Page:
The concept of Coinjoins was first introduced on BitcoinTalk by George Maxwell in 2013: ‘CoinJoin: Bitcoin privacy for the real world’. They are a special type of bitcoin transactions, which enhance privacy by breaking the common-input-ownership heuristic. To understand how Coinjoins work you first need to understand how a bitcoin transaction is built and how it is analysed by chain analysis software.
A bitcoin transaction is composed of a set of inputs called UTXOs (or Unspent Transaction Outputs) and a set of outputs. It is very similar to a cash transaction. You can think of UTXOs as being the different bills and coins in your wallet which you use to pay the merchant.
In some situations your UTXOs don’t sum to the exact amount you wish to pay in which case one of the transaction outputs will be sent back to you. This is aptly called the transaction change.
For example, let’s say Alice wants to send 1.5 BTC to Bob. She combines her two UTXOs of 1 BTC and will receive a transaction change of 0.5 BTC. To use the cash analogy again, this is similar to only having two $10 bills to pay for a $15 meal.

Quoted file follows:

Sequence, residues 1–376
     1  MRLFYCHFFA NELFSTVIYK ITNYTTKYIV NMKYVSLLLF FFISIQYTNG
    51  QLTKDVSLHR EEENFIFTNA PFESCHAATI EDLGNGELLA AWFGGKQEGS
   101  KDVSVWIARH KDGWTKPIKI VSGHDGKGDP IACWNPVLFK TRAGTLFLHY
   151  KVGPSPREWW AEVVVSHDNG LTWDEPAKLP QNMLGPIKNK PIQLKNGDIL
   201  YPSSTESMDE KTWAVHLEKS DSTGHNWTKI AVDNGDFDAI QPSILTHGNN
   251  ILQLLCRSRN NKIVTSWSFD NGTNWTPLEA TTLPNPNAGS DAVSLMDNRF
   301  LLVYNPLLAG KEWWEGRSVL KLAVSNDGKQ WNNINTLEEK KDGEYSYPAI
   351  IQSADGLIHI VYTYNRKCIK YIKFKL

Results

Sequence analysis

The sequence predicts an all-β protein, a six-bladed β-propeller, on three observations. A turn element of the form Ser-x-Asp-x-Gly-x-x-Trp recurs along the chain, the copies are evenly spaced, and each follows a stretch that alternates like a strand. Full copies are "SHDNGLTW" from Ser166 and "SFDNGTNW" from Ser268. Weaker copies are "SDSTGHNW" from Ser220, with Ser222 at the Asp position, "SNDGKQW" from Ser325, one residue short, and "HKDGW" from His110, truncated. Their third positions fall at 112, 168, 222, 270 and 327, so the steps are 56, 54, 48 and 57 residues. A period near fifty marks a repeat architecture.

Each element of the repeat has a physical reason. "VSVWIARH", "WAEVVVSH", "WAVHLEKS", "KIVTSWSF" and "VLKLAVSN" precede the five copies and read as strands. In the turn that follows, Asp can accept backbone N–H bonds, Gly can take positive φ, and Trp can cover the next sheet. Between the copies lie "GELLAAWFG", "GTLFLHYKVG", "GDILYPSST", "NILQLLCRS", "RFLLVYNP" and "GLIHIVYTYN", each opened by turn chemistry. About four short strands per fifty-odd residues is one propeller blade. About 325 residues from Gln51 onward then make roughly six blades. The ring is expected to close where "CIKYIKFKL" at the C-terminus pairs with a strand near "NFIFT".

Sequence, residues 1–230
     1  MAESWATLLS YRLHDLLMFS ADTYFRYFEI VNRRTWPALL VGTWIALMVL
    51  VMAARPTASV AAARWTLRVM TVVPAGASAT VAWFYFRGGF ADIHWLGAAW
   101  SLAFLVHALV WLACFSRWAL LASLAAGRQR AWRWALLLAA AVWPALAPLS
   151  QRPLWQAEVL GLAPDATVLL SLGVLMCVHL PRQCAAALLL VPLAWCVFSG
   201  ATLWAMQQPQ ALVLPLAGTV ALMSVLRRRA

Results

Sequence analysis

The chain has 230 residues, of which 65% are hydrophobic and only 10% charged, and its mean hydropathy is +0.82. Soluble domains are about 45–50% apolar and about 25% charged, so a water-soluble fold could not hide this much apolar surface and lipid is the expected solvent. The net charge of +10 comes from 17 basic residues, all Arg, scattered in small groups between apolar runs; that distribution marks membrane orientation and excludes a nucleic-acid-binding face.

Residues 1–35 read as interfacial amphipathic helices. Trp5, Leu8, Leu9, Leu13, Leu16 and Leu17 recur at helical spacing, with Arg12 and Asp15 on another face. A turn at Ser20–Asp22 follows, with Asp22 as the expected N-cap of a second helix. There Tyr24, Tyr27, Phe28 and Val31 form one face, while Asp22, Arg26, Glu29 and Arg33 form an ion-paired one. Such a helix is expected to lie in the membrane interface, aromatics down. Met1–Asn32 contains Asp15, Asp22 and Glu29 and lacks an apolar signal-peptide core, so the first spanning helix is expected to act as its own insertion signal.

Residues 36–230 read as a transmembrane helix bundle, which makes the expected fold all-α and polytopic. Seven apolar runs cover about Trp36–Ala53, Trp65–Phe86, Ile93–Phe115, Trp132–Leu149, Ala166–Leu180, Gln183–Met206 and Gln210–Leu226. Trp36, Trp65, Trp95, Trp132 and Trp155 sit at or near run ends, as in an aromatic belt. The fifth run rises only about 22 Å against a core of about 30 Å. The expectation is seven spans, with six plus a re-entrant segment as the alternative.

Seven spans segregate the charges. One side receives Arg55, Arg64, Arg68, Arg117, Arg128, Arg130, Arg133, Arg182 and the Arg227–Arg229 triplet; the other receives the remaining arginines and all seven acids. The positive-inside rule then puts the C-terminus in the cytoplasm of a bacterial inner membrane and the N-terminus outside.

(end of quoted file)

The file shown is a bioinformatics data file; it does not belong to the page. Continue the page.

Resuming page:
Example of Bitcoin transaction
In a normal bitcoin transaction all the UTXOs in the input set belong to the same person. When chain analysis software looks at a transaction it generally assumes the above holds true. From there, it attempts to link the inputs to the outputs to be able to follow the trail of UTXOs across transactions and keep track of your spending activity. Those links are said to be deterministic when the software can be certain that a given input is linked to a certain output.
In our previous example with Alice, all links are deterministic since there is only one way in which the inputs can be combined to yield the correct outputs. The two 1 BTC inputs had to be combined to generate the 1.5 BTC and 0.5 BTC outputs. In a transaction with many inputs and outputs the links are slightly less straightforward but still, most of the time, deterministic links can be found by using deductive reasoning. It’s a bit like a Sudoku where deductive reasoning is used to fill in the missing numbers.
Deterministic links are great for chain analysts as they create a clear trail of UTXOs. That trail reveals the full history of an UTXO. Therefore, generally speaking, any privacy enhancing feature aims to make it harder for chain analysts to establish those deterministic links. When a link cannot be determined with certainty, it is said to be probabilistic in which case chain analysts have to establish several possible scenarios for the ownership of certain UTXOs.